One of the fundamental skills of singing is effectively using your “chest voice”.
What Is It?
You are singing in your chest voice when you sing in the lower or lowest audible part of the voice. We call it the chest voice because many people feel the vibrations of these pitches in their chest cavity. When this portion of your range is activated and strengthened in a healthy manner, the entire voice becomes more stable, gains volume and has a firm but flexible quality.
That’s Not Pretty!
When you first use it, the sound of the “chest voice” can seem to be a bit raw and much too heavy. If that’s how it feels to you, that’s okay. Just read this description of what is happening and try a moderate amount of experimentation. When you regularly work to become familiar with it, you’ll learn a lot and get used to the sensations. In other words, if you don’t sing with the “ugly” chest voice the muscles won’t be able to find new ways to create firm closure while also coordinating with flexible muscular stretching. Doing exercises creates the opportunity for this to happen.
Why Work At It?
Working the chest voice will strengthen it and also allow it to start coordinating with the head voice, or falsetto voice. Coordination means that the muscles that close the folds and the muscles that stretch the folds work together to find a balanced tone that is firm without being rigid. That coordination will result in a larynx that feels more stable because the stretching doesn’t overwhelm the closing and vice versa. The two main muscle systems will work well together and you will be able to create just the sounds you were looking for.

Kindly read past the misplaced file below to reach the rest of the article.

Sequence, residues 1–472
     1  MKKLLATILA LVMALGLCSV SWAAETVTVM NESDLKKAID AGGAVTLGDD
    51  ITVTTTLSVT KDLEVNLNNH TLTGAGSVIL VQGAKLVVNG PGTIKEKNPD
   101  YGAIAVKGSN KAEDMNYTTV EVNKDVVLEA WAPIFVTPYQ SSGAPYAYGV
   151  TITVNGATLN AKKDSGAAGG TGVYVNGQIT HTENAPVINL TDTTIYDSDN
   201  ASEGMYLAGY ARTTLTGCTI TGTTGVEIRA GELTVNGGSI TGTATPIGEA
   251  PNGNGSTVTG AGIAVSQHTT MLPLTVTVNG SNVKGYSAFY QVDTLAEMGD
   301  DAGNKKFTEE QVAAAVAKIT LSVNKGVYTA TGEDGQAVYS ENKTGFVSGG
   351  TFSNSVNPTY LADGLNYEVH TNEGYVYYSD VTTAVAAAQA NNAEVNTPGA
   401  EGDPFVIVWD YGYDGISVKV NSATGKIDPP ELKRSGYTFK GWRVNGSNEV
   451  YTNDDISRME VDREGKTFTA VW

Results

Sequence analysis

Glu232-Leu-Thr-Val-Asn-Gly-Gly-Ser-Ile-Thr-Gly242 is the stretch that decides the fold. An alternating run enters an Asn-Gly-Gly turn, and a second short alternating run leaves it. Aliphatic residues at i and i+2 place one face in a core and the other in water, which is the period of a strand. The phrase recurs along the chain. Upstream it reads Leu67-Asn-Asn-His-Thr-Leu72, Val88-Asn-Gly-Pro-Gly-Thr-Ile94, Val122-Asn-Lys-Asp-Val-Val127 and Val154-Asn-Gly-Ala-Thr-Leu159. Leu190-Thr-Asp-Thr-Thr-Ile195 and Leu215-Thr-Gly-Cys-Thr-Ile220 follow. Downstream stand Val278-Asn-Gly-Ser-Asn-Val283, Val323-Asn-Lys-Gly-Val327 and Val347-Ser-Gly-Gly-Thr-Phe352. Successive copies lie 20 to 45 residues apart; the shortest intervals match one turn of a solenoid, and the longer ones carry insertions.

Another benefit of developing the chest voice is that volume is increased because the closer muscles are better able to transform air into sound waves. Stronger closer muscles means the folds close more securely and prevent leaking air. Your larynx will use just enough energy for effective cord vibration on the air flowing through.
Use This Knowledge
Singing in your chest voice can, and should, be done for a healthy voice. But how? Sing exercises that focus on lower pitches, in a slightly loud volume (but not too much!), and using the [ah] vowel primarily. When an exercise is constructed of these 3 elements (low pitches, louder volume, open vowels) the muscle responds to the exercise in an automatic way and we feel and hear the texture of sound commonly referred to as chest voice. Do it a little bit every day and you’ll see progress! Try these vocal warm-ups!